Monday, February 12, 2007

Deluxe Action Figures: Worthwhile Collectibles or Pocket Emptying Wallet Vacuums??
It's no secret to many of you that I have been known to harbor a few collections. Shoot, anyone who's done the basement tour at my website knows that I have stuff ALL over the place. Primarily I collect Universal Monster stuff, Weird Oh and Ed Roth Stuff and, here's the Grandaddy, Batman stuff. The latter is probably the only REAL legitimate collection that I can lay claim to. I have been accumulating a good deal of this stuff since the 1960's. Added a bunch more to it during what I now refer to as the "addicted to ebay" years. Talk about needin' a 12 Step program, eBay junkies are wild! Anyhow, I like collecting Batman stuff, it's fun, and it keeps me, uh, immature..........I mean young. Or younger. Or younger feeling. Or perhaps just delusional and pathetic, but at any rate it works for me. The problem I am encountering is that it appears the collectible manufacturing conspiracy has caught on to geeks like me and designed a devilishly clever way to separate us from our money. Thus the introduction of the "Deluxe Action Figure". You've seen 'em, those insanely detailed, high quality, professionally painted figures put out by the likes of Todd McFarlane, etc. I thought these were so cool when they first started innocently popping up in my local comic shop. They just seemed to scream from their lil' carded resting places "buy me, you won't be sorry". That was all well and good, but what has transpired in the toy industry since can only be described as diabolical. Let's just take me, my addiction, and the line of products connected to my favorite character: Batman.
Now I go way back, like I said before. I have the real old school action figures (back when they were really dolls but savvy toy manufacturers knew that boys would never play with dolls so then was born the action figure) the Mego line and of course, Capt. Action. Later, with my first child, I got him into the Super Powers figures and we managed to get, and subsequently loose or destroy, all of those. Later there were the DC Comics Super Heroes line that coincided with the release of the first Batman movie in 1989. I think this is where things really started gettin' nutty. Toy guys started figuring out that buying action figures was akin to buying a mattress. Once you had bought whichever guy, you were probably not going to buy him again. So they got cute and started coming out with an endless assortment of festively colored and flexibly outfitted versions of the SAME GUY!! Why? Because they knew the kids would want them and that the parents wouldn't be able to say "no". Oh, I had it all figured out alright, but did that stop me from purchasing these ridiculous looking versions of my hero? In a word" Hell no. I had kids, and those kids wanted those ridiculous looking Batmen, and by God, my kids were gonna' have them!! Now, I did manage to fend off some of the more completely absurd incarnations and finally my kids grew out of that era of their youth. You would think that this would end the viscious cycle wouldn't you? Ah, but such was not the case as the power magnates of the toy cartel once again conjured up their dark agents of merchandising and foisted on to us the "Deluxe" action figure. Clearly targeting right between the eyes of the aging baby boomer and pressing mercilessly our nostalgia buttons, these toy pushers had our number. During this explosion onto the toy shop shelves I remember one line in particular. It was called the "Legends of the Dark Knight" series. Not having anything to do with the DC Comic title of the same name, these figures were goofy reimaginings Batman and his world. I remember quite clearly picking up a "Buccaneer Batman" and chuckling thinking to myself "why in the hell would anyone want a pirate Batman toy?". The answer, of course, came swiftly right there on the next shelf, "why, to fight off the Pirate Joker, dummy!". These toys were slightly bigger, slightly better designed, slightly better painted and lots more expensive. The average regular 5" action figure usually sold for $4 to $6 bucks. These were going for $9.99 and $12.99 depending on the packaging. See where this is headed?? Later there would be even more detailed and even pricier fair like the line of toys available from DC Direct. I got this great Silver Age Batman and Robin, it's really cool and really well done, but it cost $39.99!! And of course it doesn't stop there, you have to have the Silver Age Joker, and Penguin, and Catwoman and Batgirl, don't you?!? Well? Don't you?!? I know I did, and I do, and I'm out $120 dollars on 6 figures. Well, while they were mining that territory the toy boys remembered about the Super Friends Cartoon show from the same era and decided to put out a series of figures based on that show. Yep, you guessed it. I got 'em. $19.99 each. A steal..........really.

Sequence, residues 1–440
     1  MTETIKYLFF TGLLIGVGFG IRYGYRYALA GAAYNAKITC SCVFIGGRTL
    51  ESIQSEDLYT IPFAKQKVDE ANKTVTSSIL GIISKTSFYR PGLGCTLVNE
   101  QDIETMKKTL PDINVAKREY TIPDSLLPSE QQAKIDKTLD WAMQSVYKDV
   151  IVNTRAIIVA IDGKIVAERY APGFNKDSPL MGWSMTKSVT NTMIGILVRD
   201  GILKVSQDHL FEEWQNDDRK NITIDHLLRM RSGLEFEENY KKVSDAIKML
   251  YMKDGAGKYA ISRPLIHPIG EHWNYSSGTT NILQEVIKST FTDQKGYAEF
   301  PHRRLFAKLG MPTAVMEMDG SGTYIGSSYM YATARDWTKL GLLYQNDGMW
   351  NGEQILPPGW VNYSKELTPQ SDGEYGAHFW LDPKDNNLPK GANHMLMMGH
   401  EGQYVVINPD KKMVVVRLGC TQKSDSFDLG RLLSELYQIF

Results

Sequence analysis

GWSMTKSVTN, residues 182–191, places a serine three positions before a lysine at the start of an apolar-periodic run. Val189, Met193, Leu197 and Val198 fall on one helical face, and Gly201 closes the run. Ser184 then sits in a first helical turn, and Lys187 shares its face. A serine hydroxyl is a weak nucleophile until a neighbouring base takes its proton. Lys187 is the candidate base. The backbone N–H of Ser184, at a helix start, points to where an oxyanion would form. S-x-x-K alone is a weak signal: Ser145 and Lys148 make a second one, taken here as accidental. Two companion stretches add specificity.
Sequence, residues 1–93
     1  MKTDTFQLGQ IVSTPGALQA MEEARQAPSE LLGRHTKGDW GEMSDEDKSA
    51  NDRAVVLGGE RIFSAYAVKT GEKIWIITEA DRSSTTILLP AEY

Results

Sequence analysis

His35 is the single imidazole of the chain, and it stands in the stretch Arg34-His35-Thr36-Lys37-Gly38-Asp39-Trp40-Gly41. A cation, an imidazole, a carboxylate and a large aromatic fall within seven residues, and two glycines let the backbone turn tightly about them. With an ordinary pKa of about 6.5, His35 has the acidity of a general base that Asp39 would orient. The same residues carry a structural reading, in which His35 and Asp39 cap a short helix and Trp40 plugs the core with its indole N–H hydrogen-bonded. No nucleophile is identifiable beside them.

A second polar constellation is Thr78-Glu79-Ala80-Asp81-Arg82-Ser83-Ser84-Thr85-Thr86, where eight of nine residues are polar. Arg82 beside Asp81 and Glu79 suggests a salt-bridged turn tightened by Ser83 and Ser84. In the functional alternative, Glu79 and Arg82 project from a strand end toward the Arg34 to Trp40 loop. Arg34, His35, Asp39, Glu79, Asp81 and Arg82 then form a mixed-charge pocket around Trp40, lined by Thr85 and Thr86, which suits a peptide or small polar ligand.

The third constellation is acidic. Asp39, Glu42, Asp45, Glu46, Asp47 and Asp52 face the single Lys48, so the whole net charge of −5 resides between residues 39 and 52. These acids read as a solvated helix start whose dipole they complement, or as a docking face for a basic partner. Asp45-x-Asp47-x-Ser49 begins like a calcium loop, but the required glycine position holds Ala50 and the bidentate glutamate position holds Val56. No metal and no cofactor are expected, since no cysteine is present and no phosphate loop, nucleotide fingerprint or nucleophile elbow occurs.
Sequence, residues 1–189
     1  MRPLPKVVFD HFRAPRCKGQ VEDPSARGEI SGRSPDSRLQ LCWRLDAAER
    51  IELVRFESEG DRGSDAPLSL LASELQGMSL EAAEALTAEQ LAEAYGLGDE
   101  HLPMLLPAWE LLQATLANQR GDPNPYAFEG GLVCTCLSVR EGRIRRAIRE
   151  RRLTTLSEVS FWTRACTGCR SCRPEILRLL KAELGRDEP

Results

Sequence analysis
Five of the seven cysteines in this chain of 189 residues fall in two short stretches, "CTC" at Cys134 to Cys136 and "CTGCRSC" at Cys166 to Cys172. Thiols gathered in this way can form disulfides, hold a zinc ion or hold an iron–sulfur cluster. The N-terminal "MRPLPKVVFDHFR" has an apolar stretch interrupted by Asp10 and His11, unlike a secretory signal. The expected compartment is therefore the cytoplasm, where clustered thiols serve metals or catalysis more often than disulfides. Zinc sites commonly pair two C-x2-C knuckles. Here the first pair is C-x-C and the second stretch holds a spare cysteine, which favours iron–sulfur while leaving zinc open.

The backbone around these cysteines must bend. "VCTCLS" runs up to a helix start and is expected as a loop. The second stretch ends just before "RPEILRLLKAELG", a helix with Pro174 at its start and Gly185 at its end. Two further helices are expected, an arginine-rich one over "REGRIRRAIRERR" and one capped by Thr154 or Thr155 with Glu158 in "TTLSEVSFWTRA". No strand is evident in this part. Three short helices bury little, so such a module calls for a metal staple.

Well, you'd think at this point they could only exploit the baby boomers so much. Afterall, the 60's and 70's were finite periods. Once you've tapped that market it will eventually dry up. Always 10 steps ahead, the Figure Freaks started realizing that many of these same boomers also were comic book fans, and most likely had there favorite artists, and would probably pony up the dough for figure versions of those artists visualizations of the characters. Frank Miller, Alex Ross, Todd McFarlane, Jim Lee, Kia Asamiya............what the...Kia WHO?!?!? Anyway, what followed was an avalanche of new Batman figures. Literally, nearly one for each graphic novel that has come out in the last 10 years. And these things are going for anywhere between $19.99 and $72.00!!! Are you believing this??? I am, 'cause I OWN most of them. God, if my wife reads this column she's gonna' kill me. I swear, it's gettin' to the point where they've got a different action figure for each damn frame of the comic. You've got the Hush series, the Black and White Series, the Long Halloween, the Identity Crisis series, etc., etc., etc. I can see no end to it, and frankly, I just can't bring myself to purchase ALL of these incarnations. Oh yeah, I while I'm on the subject, what's up with the "pocket heroes", you've seen 'em, those tiny versions of the heroes that look like they belong to one of those wooden car & track sets you had when you about 5! And how 'bout KUBRICKS!!?!? What the hell IS a Kubrick, anyway?? These things are just goofy and........what's that? You wanna' know what?? Oh, uh, yeah....I've got 'em. Both of 'em. But that's beside the point, the point is that it's beginning to take the value out of collecting. You know, when they are purposefully manufacturing things JUST to be COLLECTED, its not the same as the old school stuff I have that became collectible just by being cool for the time it was in. You can't force fond memories on the public. These new figures, although immensely cool, will never have the sentimental appeal of those toys, and games, and models that we actually played with as kids. You know me, I'm still gonna' get suckered into my share, but the shear volumn and cost of these toys will certainly make me more discerning, and, in many ways, wistful for the "addicted to eBay" years. Happy collecting, kids!